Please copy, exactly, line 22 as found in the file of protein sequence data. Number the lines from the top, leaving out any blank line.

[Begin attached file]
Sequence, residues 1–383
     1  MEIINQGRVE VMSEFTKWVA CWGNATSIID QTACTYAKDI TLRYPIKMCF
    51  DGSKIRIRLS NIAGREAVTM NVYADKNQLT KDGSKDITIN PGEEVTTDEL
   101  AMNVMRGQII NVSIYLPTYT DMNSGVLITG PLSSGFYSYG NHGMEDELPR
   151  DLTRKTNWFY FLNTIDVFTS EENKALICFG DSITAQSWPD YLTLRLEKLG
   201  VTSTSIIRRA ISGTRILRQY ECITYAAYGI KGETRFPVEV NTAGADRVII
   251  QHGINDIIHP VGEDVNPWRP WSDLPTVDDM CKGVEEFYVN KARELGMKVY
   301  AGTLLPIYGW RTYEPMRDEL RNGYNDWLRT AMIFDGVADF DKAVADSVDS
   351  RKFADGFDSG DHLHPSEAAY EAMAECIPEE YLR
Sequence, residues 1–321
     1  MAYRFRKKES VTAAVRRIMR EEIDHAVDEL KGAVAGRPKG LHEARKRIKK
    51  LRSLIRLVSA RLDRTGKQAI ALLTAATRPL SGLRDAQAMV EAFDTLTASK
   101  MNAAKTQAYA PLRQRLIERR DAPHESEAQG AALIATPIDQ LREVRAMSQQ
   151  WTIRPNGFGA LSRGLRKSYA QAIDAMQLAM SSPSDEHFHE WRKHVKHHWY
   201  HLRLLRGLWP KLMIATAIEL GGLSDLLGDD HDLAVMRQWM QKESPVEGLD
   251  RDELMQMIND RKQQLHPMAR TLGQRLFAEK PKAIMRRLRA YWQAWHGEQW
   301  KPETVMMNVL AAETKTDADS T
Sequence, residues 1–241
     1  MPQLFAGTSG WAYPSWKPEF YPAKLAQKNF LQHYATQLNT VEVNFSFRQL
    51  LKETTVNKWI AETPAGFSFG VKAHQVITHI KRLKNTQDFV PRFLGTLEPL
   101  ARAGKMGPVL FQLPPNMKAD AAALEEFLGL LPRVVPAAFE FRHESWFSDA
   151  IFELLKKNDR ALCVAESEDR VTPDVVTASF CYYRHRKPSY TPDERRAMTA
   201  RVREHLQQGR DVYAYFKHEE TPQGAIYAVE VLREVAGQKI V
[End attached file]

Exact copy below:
   151  IFELLKKNDR ALCVAESEDR VTPDVVTASF CYYRHRKPSY TPDERRAMTA